Which reigns in woman’s maiden breast,48
Before the heart’s wild feelings rise49
To dim her spirit’s summer skies.50
Along the mountain’s primrose side51
A village girl is seen to glide ;52
Now lifting up her deep blue eye,53
As if she long’d to wing that sky ;54
Now gazing where the sun’s broad limb55
Seems on the shadowy lake to swim ;56
Now plunging in the valley bower,57
Herself the landscape’s sweetest flower ;58
To catch within her silken net59
The butterfly, all dewy wet,60
Then crop the rose and myrtle’s bloom,61
Unmindful of the deepening gloom,62
Till the last gleam of dying day63
In twilight purple fades away.64
Yet more than twilight bathes the hill ;65
A cloud has gather’d stern and still,66
And from its depths a sudden spark67
Darts out, then leaves it doubly dark :68
The maiden’s eyes in terror gaze,69
As round her springs the yellow blaze.70
And now the thunders roar above ;71
Down to its roots is bow’d the grove ;72
The lake is ridged with sudden foam ;73
The tempest in its wrath has come.74
But deeper fears her spirit shake,75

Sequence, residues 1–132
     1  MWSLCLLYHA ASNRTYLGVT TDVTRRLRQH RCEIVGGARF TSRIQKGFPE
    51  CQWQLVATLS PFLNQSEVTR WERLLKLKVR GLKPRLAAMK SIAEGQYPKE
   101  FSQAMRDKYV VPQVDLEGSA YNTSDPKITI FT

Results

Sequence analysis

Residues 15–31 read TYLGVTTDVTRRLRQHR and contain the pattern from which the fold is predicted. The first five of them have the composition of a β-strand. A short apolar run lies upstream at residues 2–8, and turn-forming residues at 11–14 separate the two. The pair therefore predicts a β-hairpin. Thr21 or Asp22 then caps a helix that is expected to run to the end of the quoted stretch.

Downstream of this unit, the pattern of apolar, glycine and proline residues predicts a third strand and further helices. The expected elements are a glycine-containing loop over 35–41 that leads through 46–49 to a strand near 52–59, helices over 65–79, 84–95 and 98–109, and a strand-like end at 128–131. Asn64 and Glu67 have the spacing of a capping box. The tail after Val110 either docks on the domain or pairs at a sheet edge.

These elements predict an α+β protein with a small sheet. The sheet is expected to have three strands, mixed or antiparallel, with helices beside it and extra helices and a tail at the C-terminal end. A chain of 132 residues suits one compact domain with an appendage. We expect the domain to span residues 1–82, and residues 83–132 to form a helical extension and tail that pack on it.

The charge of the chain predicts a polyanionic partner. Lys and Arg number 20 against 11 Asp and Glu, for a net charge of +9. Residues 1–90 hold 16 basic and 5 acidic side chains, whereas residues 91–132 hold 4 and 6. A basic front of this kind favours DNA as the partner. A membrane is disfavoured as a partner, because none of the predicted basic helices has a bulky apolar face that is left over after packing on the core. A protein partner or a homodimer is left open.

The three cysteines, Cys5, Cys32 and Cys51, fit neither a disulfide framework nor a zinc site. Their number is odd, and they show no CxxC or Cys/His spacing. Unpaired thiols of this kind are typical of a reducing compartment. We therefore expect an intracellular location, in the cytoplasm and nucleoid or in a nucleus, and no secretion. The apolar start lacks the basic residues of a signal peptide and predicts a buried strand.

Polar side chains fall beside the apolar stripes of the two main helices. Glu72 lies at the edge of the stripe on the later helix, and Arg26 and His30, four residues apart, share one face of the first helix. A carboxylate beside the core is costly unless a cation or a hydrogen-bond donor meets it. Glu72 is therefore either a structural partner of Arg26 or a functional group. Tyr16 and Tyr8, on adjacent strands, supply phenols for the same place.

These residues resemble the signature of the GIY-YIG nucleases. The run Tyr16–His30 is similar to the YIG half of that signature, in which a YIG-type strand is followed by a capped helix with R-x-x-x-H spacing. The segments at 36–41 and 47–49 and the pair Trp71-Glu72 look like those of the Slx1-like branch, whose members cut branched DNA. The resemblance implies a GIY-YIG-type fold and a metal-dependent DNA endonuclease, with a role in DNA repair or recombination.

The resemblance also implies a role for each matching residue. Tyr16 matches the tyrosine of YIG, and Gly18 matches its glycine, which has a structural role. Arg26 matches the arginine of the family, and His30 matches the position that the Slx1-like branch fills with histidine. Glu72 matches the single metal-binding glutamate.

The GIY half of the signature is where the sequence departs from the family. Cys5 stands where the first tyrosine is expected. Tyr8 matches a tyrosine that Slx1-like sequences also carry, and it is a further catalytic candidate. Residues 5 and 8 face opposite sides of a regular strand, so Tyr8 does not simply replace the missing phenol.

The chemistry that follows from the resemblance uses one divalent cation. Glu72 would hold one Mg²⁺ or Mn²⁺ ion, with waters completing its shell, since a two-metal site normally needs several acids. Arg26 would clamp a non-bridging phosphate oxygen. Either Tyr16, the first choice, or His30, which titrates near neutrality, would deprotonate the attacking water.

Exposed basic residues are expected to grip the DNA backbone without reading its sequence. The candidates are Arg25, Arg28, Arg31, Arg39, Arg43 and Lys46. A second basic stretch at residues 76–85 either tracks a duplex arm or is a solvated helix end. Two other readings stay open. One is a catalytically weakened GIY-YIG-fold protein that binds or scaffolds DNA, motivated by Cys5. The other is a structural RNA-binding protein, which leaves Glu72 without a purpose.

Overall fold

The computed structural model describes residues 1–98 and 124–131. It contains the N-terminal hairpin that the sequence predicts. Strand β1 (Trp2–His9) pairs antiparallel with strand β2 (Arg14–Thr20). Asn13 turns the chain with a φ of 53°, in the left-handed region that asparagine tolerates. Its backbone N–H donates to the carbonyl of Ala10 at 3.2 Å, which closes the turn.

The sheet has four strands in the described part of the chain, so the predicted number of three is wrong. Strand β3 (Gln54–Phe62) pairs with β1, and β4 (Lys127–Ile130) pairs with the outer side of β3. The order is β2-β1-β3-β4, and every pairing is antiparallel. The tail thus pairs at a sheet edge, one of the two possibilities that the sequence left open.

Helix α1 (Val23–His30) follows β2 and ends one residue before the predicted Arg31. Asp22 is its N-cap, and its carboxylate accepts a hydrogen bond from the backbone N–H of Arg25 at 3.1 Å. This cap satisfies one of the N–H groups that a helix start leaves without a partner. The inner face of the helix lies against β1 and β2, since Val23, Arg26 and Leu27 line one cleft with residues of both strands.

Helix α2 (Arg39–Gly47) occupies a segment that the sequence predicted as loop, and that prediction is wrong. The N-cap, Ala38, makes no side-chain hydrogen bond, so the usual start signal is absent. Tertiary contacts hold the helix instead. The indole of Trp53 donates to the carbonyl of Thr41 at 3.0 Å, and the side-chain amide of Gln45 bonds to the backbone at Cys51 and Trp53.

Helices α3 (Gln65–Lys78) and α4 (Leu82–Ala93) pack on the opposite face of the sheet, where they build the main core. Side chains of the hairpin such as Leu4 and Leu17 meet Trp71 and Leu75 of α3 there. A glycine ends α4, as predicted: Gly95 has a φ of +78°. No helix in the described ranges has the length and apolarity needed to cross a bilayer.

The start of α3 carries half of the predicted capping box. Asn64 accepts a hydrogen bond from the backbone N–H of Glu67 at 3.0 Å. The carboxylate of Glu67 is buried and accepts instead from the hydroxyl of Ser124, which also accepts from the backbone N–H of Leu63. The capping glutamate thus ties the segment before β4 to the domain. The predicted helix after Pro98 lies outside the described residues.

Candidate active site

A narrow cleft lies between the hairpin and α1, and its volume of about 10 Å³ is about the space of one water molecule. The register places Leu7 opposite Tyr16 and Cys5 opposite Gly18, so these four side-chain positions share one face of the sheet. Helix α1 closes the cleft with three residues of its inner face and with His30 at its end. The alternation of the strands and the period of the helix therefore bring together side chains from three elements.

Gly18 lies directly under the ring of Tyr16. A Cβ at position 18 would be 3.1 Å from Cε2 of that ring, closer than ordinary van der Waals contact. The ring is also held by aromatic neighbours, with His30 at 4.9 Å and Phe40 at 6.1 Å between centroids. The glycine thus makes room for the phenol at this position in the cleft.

As on the bosom of the lake76
She sees, like dust before the gale,77
A struggling bark, a shatter’d sail :78
Onward it whirls ; in vain—in vain79
It toils the little port to gain :80
In vain the maiden’s generous soul81
Now braves the blast, the thunder-roll ;82
Calls through the storm ; from height to height83
Bounds, with the speed of fairy flight ;84
Points wildly to the mountain bay ;85
The sullen storm will have its prey :86
Down bursts the whirlwind’s tenfold roar87
One shriek is heard—and all is o’er !88
Wet, weary ; dash’d with spray and foam,89
Why seeks she not her cottage-home ?90
Why pauses on the shore her tread ?91
What draws she from the surge ?— The dead !92
The dead !— Ah ! many a bitter tear93
Were spared thee, Julie, if it were !94
A month has fled ; ’tis lovely night,95
The stars are burning broad and bright,96
There is no murmur on the lake,97
The birds are hush’d in bower and brake.98
But whose the whispers stealing sweet,99
And whose the lightly treading feet,100